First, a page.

In a one-dimensional shoreline evolution model, while maintaining the same shape, the beach shape is supposed to move towards land and towards the sea, meaning that all the bottom outlines become parallel. As a result, under this presumption, it is necessary to define the horizontal position of the shape relative to the baseline, and one outline could be used to explain changes in the form and volume of the beach plane as the beach erodes and accretes. The model’s main assumption is that the sand is transported alongshore on the profile between two well-defined limiting elevations. If there is a disparity in the long-shore sand transport rate on the side of the segment and the related s and consistency, one contribution would be to obtain volume adjustment results. The principles of conservation of mass must be applied to the system at all times. The corresponding differential equation for the evolution of the shoreline is generated by considering the definitions above.
where x is the co-ordinate on the shores (m), y is the location of the shoreline (m) and is perpendicular to the x-axis, t is time (day), Q is the long-shore sand transport rate (m${}^{3}$/day), ${D}_{B}$ is the average height of the berm (m), and ${D}_{C}$ is the average depth of closure (m). To solve Equation (1), it was necessary to define a term for the long-shore sand transport rate (Q). This quantity is assumed to have been obtained by the oblique wave occurring at the shoreline. The US Army Corp developed a generalized term for the long-shore sand transport rate [17]:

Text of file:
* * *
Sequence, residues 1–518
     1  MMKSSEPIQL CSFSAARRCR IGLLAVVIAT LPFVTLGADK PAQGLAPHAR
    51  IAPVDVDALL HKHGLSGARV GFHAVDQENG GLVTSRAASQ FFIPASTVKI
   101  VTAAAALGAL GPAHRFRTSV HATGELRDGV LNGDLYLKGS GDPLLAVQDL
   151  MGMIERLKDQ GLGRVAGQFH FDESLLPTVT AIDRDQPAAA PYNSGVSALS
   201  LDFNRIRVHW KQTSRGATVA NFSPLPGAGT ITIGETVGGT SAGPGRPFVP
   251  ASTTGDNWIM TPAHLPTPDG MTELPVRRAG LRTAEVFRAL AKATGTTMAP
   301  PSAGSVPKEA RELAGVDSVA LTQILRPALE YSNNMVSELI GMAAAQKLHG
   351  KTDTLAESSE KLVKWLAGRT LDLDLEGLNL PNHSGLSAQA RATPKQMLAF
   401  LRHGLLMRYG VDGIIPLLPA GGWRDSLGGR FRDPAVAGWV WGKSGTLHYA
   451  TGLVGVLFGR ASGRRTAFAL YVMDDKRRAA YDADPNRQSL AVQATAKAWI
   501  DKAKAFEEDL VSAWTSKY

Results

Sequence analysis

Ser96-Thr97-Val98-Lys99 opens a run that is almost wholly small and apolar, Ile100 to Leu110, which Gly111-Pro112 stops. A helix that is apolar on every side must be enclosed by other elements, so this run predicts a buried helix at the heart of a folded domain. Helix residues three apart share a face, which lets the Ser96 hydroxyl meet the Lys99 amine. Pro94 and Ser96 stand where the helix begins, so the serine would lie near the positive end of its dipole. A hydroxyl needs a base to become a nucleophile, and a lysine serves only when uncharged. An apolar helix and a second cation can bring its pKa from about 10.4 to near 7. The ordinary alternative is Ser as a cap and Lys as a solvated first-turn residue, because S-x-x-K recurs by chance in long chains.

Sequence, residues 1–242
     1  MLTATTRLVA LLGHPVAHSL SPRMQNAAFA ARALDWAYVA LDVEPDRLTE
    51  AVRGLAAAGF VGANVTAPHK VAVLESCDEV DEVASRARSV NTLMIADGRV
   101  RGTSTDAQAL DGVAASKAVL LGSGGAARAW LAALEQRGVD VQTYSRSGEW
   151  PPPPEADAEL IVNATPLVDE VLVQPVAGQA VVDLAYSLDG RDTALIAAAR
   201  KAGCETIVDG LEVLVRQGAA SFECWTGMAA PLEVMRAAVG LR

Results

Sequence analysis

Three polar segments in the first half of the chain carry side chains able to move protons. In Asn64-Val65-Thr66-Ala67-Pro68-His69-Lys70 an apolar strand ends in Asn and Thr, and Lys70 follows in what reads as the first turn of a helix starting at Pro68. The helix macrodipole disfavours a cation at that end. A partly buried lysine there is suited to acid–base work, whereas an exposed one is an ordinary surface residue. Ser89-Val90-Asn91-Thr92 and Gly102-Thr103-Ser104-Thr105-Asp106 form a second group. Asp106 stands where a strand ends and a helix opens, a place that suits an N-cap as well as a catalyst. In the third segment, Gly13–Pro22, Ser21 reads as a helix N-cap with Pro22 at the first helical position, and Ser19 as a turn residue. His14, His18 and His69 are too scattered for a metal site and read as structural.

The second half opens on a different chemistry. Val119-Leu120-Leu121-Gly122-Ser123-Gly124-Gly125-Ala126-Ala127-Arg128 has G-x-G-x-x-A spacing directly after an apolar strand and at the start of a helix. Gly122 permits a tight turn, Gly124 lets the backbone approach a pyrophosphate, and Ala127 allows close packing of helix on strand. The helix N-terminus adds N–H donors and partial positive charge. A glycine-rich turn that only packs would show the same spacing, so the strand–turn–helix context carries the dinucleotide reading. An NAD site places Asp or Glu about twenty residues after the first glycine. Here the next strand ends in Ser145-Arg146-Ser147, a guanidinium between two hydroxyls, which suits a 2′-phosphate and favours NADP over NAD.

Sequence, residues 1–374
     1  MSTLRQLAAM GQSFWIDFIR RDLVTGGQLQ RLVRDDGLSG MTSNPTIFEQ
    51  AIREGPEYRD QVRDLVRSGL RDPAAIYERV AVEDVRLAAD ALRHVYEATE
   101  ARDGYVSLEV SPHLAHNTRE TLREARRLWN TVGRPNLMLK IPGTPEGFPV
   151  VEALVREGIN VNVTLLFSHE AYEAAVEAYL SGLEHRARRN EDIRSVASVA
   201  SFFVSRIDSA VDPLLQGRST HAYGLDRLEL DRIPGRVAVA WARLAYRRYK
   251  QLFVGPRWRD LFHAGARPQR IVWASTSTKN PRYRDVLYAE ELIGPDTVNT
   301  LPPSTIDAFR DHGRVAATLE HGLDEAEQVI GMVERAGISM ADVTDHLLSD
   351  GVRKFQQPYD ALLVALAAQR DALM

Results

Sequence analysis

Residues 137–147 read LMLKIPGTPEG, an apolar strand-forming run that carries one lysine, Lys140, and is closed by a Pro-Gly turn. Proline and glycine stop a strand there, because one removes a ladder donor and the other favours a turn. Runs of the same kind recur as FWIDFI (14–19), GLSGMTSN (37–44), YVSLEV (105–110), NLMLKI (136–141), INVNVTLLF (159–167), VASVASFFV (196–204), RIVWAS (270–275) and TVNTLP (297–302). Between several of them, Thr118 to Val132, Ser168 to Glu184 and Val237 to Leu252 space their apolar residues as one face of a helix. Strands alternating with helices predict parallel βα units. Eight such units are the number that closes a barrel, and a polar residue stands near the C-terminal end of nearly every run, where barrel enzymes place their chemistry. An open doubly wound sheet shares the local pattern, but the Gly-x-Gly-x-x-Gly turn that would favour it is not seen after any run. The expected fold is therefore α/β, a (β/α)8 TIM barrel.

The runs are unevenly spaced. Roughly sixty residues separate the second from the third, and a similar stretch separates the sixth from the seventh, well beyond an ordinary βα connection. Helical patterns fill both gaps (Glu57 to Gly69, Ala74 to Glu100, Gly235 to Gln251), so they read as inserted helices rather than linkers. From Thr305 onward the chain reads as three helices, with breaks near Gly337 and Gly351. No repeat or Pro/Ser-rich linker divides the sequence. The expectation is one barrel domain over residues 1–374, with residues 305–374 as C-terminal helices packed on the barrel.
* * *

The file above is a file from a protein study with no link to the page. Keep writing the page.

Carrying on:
where ${Q}_{0}$ is the long-shore sand transport rate amplitude, and ${\alpha}_{b}$ is the angle between the breaking wave crest impact angle and local shoreline. The general formula for the long-shore sand transport rate amplitude is as follows [18]:
where the b subscription signifies the value at the breaking point, ${c}_{g}$ is the velocity of the wave group, H is the wave height, ${\rho}_{s}$ is the sediment density (kg/m${}^{3}$), $\rho $ is the sea water’s density, n is the porosity, and K is the non-dimensional coefficient of the particle size function, and ${\alpha}_{b}$ can be written as:
where ${\alpha}_{0}$ is the angle between breaking wave crests’ impact angle and x-axis. It can be assumed for beaches with a mild slope that the angle of the wave breaking to the shoreline is minimal. Assuming that
and